In addition to the two main wireless networks, you can create a third, guest Wi-Fi network that gives access to the Internet but is isolated from local resources, such as files or printers. You can change this network's name and password to your liking.
Unlike most non-Apple routers, and like the rest of existing networking devices from Apple, the AirPort Express doesn't have a Web interface. This means you must use AirPort Utility to manage it. This won't be a problem for Apple users, but for others it could be a hassle since they must first install the software. AirPort Utility, unfortunately, is not available for some platforms, such as Android or Linux. This wouldn't be a problem if the router had a Web interface, since all modern operating systems have at least one Internet browser built in.
Assuming you have installed the AirPort Utility software (it's part of Mac OS), setting up the router is simple and self-explanatory. The manual walks you through the basics of setup, and you can get it up and running in just a few minutes out of the box.
For security, the AirPort Express supports all variations of WEP and WPA encryption methods but doesn't offer Wi-Fi Protected Setup, which would let you add a wireless client to the network by pressing a button.
The new AirPort Express Base Station performed as expected in my testing. Clients of any platform, be it Mac, iOS, Android, or Windows, can easily connect to its Wi-Fi network. On the 5GHz band, the router scored about 91Mbps in our close-range (15 feet) throughput test. At this speed, it can finish 500MB of data in about 44 seconds. When I increased the distance to 100 feet, the data rate was reduced to 40Mbps. Both of these numbers were about the average on the charts of N600 routers.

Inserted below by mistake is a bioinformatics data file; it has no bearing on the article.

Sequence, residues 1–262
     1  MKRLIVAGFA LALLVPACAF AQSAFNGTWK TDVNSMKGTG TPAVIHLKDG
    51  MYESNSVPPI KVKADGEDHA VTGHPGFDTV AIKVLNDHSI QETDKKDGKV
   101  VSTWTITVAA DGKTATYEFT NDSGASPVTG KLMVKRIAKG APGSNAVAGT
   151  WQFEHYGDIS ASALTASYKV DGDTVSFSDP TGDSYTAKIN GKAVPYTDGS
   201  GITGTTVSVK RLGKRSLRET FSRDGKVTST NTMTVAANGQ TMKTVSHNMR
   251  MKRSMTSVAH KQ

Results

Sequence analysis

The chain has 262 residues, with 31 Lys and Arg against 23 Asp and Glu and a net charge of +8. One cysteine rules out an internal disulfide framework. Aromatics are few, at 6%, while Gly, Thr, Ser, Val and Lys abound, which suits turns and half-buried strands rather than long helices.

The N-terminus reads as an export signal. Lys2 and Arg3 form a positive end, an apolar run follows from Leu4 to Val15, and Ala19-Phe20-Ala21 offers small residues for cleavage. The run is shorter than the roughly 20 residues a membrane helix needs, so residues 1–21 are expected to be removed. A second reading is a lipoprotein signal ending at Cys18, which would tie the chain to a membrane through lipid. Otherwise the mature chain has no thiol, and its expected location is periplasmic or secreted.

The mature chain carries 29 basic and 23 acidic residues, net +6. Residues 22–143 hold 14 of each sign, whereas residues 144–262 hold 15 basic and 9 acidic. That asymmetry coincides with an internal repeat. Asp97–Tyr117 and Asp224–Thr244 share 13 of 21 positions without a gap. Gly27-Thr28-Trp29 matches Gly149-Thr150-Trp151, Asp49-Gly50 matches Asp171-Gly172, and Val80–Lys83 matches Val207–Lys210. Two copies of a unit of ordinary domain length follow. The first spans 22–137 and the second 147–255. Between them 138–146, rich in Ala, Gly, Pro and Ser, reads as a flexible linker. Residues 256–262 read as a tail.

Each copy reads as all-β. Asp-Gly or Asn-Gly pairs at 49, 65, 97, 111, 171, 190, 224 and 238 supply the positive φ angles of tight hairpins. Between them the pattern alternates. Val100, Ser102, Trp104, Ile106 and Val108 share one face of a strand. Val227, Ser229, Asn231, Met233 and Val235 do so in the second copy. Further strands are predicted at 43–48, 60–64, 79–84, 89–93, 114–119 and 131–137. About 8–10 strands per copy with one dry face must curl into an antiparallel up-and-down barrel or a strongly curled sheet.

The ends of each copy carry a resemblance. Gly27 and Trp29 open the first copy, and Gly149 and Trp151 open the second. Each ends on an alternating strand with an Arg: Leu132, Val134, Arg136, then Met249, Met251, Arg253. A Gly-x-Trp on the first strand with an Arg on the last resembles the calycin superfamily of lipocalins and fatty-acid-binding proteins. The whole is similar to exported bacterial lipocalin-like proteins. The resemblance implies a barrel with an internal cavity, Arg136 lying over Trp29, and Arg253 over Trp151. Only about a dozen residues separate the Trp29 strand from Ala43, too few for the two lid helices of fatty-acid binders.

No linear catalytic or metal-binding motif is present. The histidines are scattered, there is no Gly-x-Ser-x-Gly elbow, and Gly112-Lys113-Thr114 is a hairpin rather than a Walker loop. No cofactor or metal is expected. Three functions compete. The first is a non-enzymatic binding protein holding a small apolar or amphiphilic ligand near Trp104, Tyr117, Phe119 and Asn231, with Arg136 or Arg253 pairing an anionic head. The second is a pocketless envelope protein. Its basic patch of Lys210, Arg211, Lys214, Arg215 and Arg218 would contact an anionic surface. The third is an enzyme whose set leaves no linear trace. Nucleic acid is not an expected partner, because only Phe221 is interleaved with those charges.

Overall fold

On the 2.4GHz band, the router's performance, as expected, was slower, averaging 43Mbps and 19Mbps for the close-range and long-range tests, respectively, landing it slightly below average on the charts.
The router's range was very good for its compact physical size. I was able to connect to it from up to 250 feet away on both bands. Realistically, though, you want to use it within 150 feet or less for stable and lag-free Wi-Fi connections.
Note that the router was tested at CNET's offices where there are other wireless access points and clients that I have no control over. These devices to some extent affect the performance of the reviewed router. This is the same environment in which all I test all routers, though, so the relative performance is consistent.
That said, the new AirPort Express Base Station failed the 24-hour stress test on the 2.4GHz band. During the test it was set to continuously transfer data back and forth between wireless and wired clients. The router's Wi-Fi signal was disconnected once after 7 hours. It did, however, pass this test easily on the 5GHz band, without any hiccups.
Service and support
Since the AirPort Express is so easy to use, I suspect that you won't need much support for it. Nonetheless, the router comes with a well-written manual. You can also always reset it to its default settings and use AirPort Utility to set it up from the beginning, which, as mentioned above, is an easy process.
The new AirPort Express Base Station, while superior to its predecessors, is lacking when compared with its peers. Its supersleek design and ease of use, however, will make it a very good investment for Mac users and home users who need a simple networking device.